“In the past ten years, the modern workplace has become more about collaboration than conformity. For this reason, it’s critical that we’re aware of the different communication styles in our organizations.” Andrew Fayad, CEO ELM.
The age-old mistrust between worker and employee was definitely not helped by corporate misuse of personality tests. The stigma around these tests still exists today in some organizations, which is why they don’t work as well without a preexisting culture of trust and transparency. Workers might skew their answers based on what they think management wants, or management could use the results as justification to not hire, demote or fire certain employees.
ELM uses our own Personality Assessment Tool (PAT) early in the hiring process so we can see which candidates have important characteristics, one of which is empathy, and values that align with our company culture of Servant Leadership.
We’ve recently rolled out the DISC across our entire organization as part of an ongoing growth and development tool to build a greater understanding in communicating more effectively across the whole company. Our leaders have been certified through the Take Flight Learning company to give the DISC Assessment and analyze the results.
Not surprisingly, our PAT assessment has resulted in an abundance of Supportive/Doves at ELM. But, not everybody is the same or has an identical mixture of attributes, so the DISC is a great teaching tool for developing awareness and an appreciation/understanding of unique communication styles.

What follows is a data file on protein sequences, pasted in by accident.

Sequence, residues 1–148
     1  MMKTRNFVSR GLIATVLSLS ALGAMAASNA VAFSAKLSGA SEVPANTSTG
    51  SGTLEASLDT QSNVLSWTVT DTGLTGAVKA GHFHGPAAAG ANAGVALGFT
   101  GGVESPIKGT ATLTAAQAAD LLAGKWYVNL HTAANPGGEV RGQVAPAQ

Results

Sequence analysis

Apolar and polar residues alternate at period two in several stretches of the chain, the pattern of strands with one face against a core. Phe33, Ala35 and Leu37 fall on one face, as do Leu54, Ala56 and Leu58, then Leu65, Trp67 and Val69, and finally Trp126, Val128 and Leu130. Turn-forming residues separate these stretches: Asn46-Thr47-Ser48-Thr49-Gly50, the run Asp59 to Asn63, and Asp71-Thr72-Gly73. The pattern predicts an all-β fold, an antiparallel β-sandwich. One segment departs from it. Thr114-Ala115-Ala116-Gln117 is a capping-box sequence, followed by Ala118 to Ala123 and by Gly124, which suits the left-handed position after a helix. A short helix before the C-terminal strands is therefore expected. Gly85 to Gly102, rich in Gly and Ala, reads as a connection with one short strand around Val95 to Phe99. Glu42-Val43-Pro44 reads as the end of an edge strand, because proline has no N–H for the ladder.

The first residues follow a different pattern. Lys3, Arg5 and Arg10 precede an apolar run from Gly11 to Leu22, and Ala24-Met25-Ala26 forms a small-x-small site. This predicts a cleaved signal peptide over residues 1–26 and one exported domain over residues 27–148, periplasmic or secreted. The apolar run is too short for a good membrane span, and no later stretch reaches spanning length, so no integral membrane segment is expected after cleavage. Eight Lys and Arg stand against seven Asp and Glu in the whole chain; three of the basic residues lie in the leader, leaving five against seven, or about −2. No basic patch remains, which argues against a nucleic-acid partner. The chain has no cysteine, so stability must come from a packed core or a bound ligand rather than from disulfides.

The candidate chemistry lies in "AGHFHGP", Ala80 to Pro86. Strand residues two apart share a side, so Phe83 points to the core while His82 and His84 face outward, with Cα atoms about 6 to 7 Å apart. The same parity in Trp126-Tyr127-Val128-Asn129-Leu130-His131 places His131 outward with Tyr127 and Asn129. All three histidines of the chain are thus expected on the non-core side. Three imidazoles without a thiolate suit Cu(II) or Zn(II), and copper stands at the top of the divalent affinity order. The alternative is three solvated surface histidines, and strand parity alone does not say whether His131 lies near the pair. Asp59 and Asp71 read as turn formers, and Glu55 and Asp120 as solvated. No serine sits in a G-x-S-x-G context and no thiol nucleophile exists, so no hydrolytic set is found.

Merrick Rosenberg, CEO of Take Flight Learning and author of The Chameleon: Life-Changing Wisdom for Anyone Who Has a Personality or Knows Someone Who Does has changed the way people learn about themselves and utilize the styles to impact their organizations. He said, “For far too long, personality assessments have created fleeting fascination, but generated no long-term impact. If done well, the styles will become embedded into a company’s culture and change the way people interact with their coworkers and customers.”
While the verbiage surrounding the DISC has changed, the test is based on the same structure and research that arose in the 1930s. Some of the earlier tests have fallen out of vogue, but the tests we still use, like the DISC, have adapted with the times. Personality tests, once a negative tool for hierarchical organizations to weed out undesirables, are now positive tools for finding out more about ourselves, the people we work with, and how we can communicate more effectively.
Author: Andrew Fayad, Co-Founder and CEO
Designer: Britney Sharp, Designer